The most common dispute that arises between a seller and a purchaser is the dispute over what is regarded as “fixtures and fittings”. The simple answer is that these would be items the seller and purchaser agree on in the offer to purchase, as the law leaves it to the seller and purchaser to make their own arrangements.
Usually the offer to purchase only states that the sale is “voetstoots and includes all improvements and all fixtures and fittings of a permanent nature”. It could also be that the offer to purchase does not refer to fixtures and fittings at all. If this is the case there are three factors that have to be considered to determine whether a movable item is a fixture or a fitting.
1. The nature and the purpose of the item
The item should be of a permanent nature and intended to always serve the immovable property. In other words it must be attached to the land or the structure erected on the land. Examples of this are a carport, steel security gates welded to door frames, and an irrigation system.
2. The manner and the degree of attachment
The question here is whether the item loses its own identity and becomes an integral part of the immovable property or if the attachment is so secure that separation would involve substantial damage to either the immovable property or to the item itself. One must also take into account the method, time and cost involved in removing the item as well as whether the item could be used elsewhere.
3. The intention of the owner
One should look at the intention of the owner at the time when the attachment was made.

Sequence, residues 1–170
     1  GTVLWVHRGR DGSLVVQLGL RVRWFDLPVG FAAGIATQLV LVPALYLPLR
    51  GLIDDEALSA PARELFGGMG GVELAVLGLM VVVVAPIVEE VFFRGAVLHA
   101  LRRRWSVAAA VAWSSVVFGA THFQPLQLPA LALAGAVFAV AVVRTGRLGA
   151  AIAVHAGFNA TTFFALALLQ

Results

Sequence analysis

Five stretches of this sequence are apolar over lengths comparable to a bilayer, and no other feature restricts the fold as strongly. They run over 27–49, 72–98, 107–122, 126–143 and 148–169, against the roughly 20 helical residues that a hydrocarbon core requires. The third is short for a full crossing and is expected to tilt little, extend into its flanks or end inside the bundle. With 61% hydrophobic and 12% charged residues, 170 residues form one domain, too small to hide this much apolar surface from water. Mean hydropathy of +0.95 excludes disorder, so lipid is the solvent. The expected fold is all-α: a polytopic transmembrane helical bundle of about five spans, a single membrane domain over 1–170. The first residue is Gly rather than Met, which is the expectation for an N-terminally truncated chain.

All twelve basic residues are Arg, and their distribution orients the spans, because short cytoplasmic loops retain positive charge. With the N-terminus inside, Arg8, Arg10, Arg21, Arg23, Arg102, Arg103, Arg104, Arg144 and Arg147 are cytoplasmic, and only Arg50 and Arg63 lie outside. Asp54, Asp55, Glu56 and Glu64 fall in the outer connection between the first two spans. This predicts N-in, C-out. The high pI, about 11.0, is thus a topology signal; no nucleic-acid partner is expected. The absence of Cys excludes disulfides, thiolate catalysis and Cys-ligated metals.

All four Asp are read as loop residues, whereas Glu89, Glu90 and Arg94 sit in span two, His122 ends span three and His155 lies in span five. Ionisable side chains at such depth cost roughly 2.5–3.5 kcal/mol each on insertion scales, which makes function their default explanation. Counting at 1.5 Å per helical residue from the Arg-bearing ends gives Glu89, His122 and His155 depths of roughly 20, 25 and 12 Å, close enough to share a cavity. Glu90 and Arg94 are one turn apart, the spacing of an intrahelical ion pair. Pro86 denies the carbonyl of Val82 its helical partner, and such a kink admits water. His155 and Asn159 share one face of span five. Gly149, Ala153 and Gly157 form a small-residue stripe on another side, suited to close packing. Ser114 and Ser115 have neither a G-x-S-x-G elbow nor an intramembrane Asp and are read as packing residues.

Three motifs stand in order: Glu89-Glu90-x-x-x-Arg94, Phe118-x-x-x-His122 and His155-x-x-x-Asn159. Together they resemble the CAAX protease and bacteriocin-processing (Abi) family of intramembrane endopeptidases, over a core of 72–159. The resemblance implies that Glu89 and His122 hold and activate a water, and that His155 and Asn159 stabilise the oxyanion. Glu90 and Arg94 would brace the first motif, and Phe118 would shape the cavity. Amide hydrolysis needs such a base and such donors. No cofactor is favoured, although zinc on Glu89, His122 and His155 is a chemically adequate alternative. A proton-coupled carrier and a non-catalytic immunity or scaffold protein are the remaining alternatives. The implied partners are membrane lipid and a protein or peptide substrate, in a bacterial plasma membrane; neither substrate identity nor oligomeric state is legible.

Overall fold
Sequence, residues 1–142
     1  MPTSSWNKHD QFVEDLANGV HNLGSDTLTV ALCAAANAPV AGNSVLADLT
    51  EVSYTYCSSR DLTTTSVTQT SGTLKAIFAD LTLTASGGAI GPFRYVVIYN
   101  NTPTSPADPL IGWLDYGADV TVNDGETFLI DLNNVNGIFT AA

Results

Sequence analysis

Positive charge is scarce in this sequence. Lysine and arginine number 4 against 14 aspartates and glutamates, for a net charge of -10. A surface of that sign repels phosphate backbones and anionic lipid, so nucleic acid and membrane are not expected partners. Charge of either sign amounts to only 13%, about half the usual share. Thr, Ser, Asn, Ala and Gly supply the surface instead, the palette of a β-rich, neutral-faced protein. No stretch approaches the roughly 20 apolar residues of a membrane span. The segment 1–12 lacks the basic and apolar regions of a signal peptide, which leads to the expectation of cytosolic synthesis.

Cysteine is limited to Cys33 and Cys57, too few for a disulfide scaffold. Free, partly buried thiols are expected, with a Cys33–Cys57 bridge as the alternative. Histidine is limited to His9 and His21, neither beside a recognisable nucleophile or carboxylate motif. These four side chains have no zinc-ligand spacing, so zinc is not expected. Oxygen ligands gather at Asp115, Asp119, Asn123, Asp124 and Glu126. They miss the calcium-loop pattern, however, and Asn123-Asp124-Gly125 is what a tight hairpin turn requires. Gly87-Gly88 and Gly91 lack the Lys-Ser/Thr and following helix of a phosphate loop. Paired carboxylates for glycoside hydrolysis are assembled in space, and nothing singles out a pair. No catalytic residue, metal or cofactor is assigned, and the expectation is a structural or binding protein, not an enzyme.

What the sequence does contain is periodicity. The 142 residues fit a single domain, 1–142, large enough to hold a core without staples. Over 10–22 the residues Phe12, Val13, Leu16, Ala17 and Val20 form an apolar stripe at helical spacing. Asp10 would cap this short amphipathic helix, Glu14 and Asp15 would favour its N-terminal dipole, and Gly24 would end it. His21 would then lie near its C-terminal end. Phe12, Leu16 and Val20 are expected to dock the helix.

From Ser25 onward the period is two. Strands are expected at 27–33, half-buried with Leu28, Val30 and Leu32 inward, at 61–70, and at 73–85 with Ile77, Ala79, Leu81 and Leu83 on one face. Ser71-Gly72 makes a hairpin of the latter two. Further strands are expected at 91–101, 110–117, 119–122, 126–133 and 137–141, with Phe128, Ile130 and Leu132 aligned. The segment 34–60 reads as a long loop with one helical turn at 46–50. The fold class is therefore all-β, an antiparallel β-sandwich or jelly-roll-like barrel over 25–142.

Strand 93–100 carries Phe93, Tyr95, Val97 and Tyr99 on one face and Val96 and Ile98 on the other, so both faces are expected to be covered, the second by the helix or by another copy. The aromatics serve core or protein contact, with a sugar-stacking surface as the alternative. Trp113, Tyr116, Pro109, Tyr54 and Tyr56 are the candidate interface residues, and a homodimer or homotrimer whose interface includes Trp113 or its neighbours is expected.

It is therefore important to address this issue in the offer to purchase and draft a comprehensive list of what is included in the sale. This could save both parties a lot of time and frustration.
The following is a list of items that are usually considered to be permanent fixtures:
Built-in extractor fans; built-in kitchen cupboards; fitted bookshelves; fitted curtain rails; wall mirrors; stoves; existing garden, trees, shrubs, plants; pool filter, pool pump and pool cleaning equipment; fitted carpets; light fittings; towel racks; tap fittings; tennis court net; fireplace; awnings; post box; alarm system; television aerial (but not satellite dishes) and door keys.
Some estate agents have amended their fixtures and fittings clause since the Consumer Protection Act came into operation, to read as follows: “The property is sold with all fixtures and fittings, including the following … which shall be in good working order on date of transfer.” However, the phrase “in good working order” is subjective and therefore opens the door to debate. The effect hereof is that the seller will be seen to have promised that all the fixtures and fittings will be in good working order, and to a large extent this erodes the protection of the voetstoots clause. Sellers should therefore take caution when signing the fixtures and fittings clause.
This article is a general information sheet and should not be used or relied on as legal or other professional advice. No liability can be accepted for any errors or omissions nor for any loss or damage arising from reliance upon any information herein. Always contact your legal adviser for specific and detailed advice